© 2014 ellathompson


As per lecture – in a sequence you’ve called ‘colour’ you will have clips that are indicative of a particular colour or lighting state. To the right of that clip you will have that same clip repeated 2 or more times with different colour grades on it.

Take screen grabs of each clip then upload to your blog the series of stills that show us ‘before and afters’ of your colour grading. Provide a few different examples of at least two different clip – each with a description of what you did to the clip and why.

This is a learning exercise, not necessarily a qualitative one, don’t stress – it is the act of doing it and the reflection on that, that is important.


I chose the clip where Theano is reading the letter from her husband, except the only parts of her that you can see in frame are her hands and a fraction of the side of her face (which is out of focus).

1. The first colour correction that I made on this clip was to give it a blueish greyish look. I also lowered the overall saturation. This gives it a sobering impression, but in a melancholy, mournful, gloomy sense. It suggests that the character is reading a letter from someone who has passed away. It is a sombre effect that adheres to drama genre conventions. Alternatively, this could also work for the cliché British murder mystery. This colouring complements the production design in a way that plays up these British murder mystery mise-en-scène conventions. My mum watches a lot of those British murder mystery / detective shows…

2. The second colour correction I made on the clip was to underscore the more yellow and orange (and some pink) tones. I also reduced the contrast quite a bit and increased the brightness. It kind of gives the visuals a bit more of a warm, pastel, glowing look. It creates a mood that is uplifting and blissful and carefree, but also nostalgic. This is sort of the look and effect that we want our film to actually have as a whole.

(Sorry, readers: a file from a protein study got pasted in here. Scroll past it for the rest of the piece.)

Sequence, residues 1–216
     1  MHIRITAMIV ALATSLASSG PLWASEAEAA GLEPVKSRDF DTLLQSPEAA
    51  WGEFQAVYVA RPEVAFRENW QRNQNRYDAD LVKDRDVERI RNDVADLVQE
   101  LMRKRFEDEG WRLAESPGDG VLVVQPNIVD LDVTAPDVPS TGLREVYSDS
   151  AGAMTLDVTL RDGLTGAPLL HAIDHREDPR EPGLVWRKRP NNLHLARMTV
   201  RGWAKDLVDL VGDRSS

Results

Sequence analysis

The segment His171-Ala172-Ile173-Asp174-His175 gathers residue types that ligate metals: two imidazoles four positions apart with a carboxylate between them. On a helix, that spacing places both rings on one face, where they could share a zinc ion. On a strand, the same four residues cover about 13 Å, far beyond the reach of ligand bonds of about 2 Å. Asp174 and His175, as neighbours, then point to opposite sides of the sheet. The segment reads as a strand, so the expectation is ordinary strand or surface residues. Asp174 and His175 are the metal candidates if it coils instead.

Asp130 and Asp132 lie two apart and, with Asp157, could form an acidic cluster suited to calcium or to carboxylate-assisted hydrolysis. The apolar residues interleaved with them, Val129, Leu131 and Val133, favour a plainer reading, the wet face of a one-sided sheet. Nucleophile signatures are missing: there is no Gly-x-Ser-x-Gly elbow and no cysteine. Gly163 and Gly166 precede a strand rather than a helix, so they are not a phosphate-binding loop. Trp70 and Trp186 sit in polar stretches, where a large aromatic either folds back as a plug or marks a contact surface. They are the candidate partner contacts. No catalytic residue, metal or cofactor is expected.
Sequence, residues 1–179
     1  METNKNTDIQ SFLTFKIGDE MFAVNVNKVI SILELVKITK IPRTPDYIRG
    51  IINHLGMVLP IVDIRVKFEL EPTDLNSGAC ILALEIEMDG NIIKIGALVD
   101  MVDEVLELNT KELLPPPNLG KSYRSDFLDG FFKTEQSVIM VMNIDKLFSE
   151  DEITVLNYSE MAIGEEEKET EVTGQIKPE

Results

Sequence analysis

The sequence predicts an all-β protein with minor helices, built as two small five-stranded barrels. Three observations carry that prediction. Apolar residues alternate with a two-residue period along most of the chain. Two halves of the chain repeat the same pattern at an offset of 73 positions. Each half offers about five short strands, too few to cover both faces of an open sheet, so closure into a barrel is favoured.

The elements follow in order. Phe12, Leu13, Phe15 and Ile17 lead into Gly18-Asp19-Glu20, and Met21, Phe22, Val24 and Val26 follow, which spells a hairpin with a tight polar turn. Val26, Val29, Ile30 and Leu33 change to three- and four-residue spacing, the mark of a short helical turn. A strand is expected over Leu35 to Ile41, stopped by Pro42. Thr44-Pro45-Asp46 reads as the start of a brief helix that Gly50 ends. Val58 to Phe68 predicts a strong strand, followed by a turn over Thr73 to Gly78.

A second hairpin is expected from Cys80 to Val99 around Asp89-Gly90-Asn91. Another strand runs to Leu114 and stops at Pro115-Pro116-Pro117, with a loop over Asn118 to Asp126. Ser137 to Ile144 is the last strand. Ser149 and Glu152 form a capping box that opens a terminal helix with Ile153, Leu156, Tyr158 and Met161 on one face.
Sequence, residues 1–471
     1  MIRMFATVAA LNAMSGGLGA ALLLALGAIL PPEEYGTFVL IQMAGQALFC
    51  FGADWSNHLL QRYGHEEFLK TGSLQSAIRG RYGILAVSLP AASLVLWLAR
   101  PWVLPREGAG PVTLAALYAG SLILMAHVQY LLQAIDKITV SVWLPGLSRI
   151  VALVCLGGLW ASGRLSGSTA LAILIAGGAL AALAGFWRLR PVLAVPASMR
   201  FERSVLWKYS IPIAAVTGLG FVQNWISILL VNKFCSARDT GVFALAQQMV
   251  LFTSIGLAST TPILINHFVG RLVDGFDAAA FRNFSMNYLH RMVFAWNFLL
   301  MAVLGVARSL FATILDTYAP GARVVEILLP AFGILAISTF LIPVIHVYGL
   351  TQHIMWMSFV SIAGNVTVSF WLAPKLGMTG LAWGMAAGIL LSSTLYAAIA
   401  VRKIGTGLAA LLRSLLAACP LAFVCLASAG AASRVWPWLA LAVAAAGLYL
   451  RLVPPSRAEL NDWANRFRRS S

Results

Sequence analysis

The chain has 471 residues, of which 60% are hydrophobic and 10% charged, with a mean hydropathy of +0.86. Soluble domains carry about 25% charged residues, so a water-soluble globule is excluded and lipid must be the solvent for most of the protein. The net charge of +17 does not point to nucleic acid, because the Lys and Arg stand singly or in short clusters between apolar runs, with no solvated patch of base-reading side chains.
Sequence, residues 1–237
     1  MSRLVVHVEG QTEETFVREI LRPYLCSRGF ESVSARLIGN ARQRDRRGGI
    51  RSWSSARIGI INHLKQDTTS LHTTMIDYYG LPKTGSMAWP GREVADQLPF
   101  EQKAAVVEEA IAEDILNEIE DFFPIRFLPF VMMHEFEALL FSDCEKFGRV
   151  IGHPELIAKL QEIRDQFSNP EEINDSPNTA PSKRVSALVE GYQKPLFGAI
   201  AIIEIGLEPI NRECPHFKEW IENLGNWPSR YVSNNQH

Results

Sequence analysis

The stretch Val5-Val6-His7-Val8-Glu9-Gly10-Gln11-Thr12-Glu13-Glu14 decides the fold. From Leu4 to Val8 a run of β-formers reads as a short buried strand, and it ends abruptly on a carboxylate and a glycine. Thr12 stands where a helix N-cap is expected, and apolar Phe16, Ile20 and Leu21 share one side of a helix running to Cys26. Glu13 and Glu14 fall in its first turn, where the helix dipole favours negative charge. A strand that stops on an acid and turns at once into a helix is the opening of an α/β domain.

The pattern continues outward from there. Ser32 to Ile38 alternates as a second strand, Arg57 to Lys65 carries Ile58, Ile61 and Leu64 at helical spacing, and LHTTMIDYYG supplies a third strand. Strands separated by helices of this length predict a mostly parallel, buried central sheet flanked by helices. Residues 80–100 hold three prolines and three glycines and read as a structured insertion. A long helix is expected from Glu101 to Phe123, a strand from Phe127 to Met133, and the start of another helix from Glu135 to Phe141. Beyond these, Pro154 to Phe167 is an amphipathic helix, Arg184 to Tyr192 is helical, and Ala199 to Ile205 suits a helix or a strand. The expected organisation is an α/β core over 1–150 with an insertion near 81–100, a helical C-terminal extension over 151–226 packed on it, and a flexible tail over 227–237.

3. The third thing I did was a sickly green colour correction. I also increased the colour saturation on the shadows, decreased the overall brightness, and increased the overall contrast. I probably went a bit overboard on this one – it looks strangely stylised (it didn’t look too over-the-top on the screen that I edited it on, but it does on the monitor screen that I just moved it to). This has the effect of an unsettling mood where we feel like there is a threat. We feel like something is a little bit twisted. We don’t know who that letter could be from. It could be a threatening letter. Or the person reading it – who is almost completely obscured the whole time they are reading it during the clip – could be the actual threat. We are unnerved and apprehensive. This effect adheres to horror genre conventions.


This next clip is simply of Theano marking the slate and preparing the pastry (because it’s the only other clip that I have on my computer).


1. This colour grading is a simple black and white tint with the contrast slightly increased and the brightness also slightly increased. This has a sobering but sleek effect. I’m not much of a fan of this colour grade for the clip – I feel like the removal of colour similarly removes the essence of the clip – the emotion and the charming, homely atmosphere of Theano’s kitchen. It almost seems like it replaces the natural charm and mood of the visuals with an artificial charm and mood.

2. This last colour grading is a washed out, reddish, brownish colouring. The three-way colour corrector and the tint were used to pigment the image in this way. I also increased the brightness quite a bit, and I may have reduced the contrast (but I can’t remember). I don’t really know what I was trying to achieve with this one… I was just wanting to see what it would look like if I emphasised red and pink tones (not sure why). It kind of has a sepia look. It’s quite poorly done, but at least this colour grade doesn’t remove the existing charm from the clip.

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